Previously on Midlife Crisis Crossover: for Anne’s birthday celebration this year, we headed up to Chicago for yet another weekend — this time mostly to attend the inaugural Ace Comic Con Midwest at Navy Pier, and partly to see if downtown Chicago contained any sights we hadn’t already seen and/or shared. In past years we’ve shared pics of the Lake Michigan shoreline, the Magnificent Mile, and scenic Navy Pier, among other locales you can find with MCC’s “Chicago” tag alternating in between their frequent conventions.
Sooner or later we expect to run out of reasons to keep exploring the Mile and the Loop again and again, but we did what we could with the hours allotted and the ugly autumn weather against us. Temperatures were in the 40s all day Friday and light rain turned the early afternoon into a bit of a bummer. We walked around for a few miles anyway to spend time with each other and to kill time before the con began at 4 p.m.
We parked a few blocks west of Navy Pier, grabbed lunch at a familiar dive near the Mile, then walked south toward the park areas between the Loop and the lake shore. Art and architecture popped up here and there along the way…
Nested among all the cement and asphalt and intrusions into the skyline is Millennium Park, the northernmost part of the long stretch of greenery running alongside the eastern edge of the Loop. Mandatory first stop is always “Cloud Gate”, a.k.a. “the Bean”. We first walked around it on our 2009 road trip, but we’ve revisited since then.
To the south of Millennium Park is Grant Park, which somehow we’d never reached before. In our defense, the awfully large Art Institute of Chicago is a bit in the way. This outing happened to leave us with more time to pass, so we pressed on.
Our southernmost destination for this particular excursion was Buckingham Fountain, which a coworker had recommended we check out. It was dedicated in 1927, the year after the neighboring Lincoln. The lead photo shows the results of all that extra walking: no water, no lights, no other onlookers enjoying the design except one young guy staring more at his phone than at the empty fountain. I tried not to hold it against said coworker the next time I saw her.
Around this time came the light rain, adding dampness and a deeper chill to the already crisp air. For temporary shelter we ducked inside the Art Institute and perused their free gift shop. I was surprised to find a small but healthy graphic novel section with recent works such as Emil Morris’ My Favorite Thing is Monsters. A teenager and I took turns boggling at an utterly massive coffee-table tome devoted to the art of Jamie Hewlett, co-creator of Tank Girl and Gorillaz. I settled instead for a Piet Mondrian magnet. Anne and I then departed, agreeing the time wasn’t right for a spontaneous museum tour at $25 per ticket. Another weekend some other year, perhaps.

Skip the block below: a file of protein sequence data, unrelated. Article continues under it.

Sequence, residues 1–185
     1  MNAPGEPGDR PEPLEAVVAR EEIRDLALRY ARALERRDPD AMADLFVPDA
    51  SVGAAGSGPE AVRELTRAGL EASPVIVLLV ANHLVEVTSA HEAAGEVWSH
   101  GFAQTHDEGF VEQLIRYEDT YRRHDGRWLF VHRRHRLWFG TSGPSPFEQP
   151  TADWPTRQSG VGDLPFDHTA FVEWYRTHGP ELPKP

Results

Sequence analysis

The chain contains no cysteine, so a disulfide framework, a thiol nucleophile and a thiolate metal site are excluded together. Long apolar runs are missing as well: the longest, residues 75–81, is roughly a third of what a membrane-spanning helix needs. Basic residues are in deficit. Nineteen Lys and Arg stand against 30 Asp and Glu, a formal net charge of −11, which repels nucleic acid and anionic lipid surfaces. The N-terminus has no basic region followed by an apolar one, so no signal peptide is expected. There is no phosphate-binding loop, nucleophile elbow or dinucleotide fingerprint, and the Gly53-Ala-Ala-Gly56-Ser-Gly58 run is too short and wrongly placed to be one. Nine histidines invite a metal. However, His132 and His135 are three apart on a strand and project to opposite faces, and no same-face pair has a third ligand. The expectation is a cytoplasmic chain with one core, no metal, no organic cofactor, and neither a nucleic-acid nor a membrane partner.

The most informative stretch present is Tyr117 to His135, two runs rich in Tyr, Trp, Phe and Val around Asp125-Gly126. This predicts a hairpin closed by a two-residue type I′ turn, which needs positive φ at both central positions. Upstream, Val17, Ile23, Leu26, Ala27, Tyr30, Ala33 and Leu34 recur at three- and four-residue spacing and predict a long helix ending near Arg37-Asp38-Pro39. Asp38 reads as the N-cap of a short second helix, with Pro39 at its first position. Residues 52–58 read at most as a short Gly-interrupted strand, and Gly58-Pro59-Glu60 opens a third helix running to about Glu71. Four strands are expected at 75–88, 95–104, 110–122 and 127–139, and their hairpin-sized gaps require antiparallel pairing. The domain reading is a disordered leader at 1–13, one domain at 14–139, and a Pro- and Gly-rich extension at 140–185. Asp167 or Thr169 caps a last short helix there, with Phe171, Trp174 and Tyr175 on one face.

We spent the next hour-plus retracing the distance back to Navy Pier, but with a diversion into the Loop for a modicum of shopping — at a chain eatery for disappointing snacks; at Reckless Records for a Kele Okereke album that I didn’t realize existed; and at Graham Crackers Comics for a couple of recent issues that my local shop failed to order. One of them was a particular relief to find, one of the best books of the year — a strange little gem called She Could Fly. Four issues in all, which I ended up buying from four different comic shops located in three different states. Great reading shouldn’t require that much legwork.
…and all that’s the story of why we were already exhausted by the time we walked into Navy Pier, ready for bed well before the doors opened for Ace Comic Con. This is also why Tom Hiddleston looked so much more hyper in our big photo op than we did. Once we’d finished that brush with greatness, we shuffled the few blocks back to our parking garage on the mainland and headed to our hotel out west, no more walk-a-thons required till we returned on Saturday.
Come Saturday, with our pains far from healed, we honestly didn’t care to do much else in town beyond the convention itself. All things considered, we were glad to choose a getaway far from the hustle-and-bustle, that we could reach on wheels rather than on aching legs and virtually broken feet. Also, it was cheaper to have a hotel room in the ‘burbs and just get gouged for daytime parking during the con, than it would’ve been to stay at a downtown hotel that would’ve charged us twice as much for car storage and three times as much for the room.
To be continued! Other chapters in this special MCC miniseries: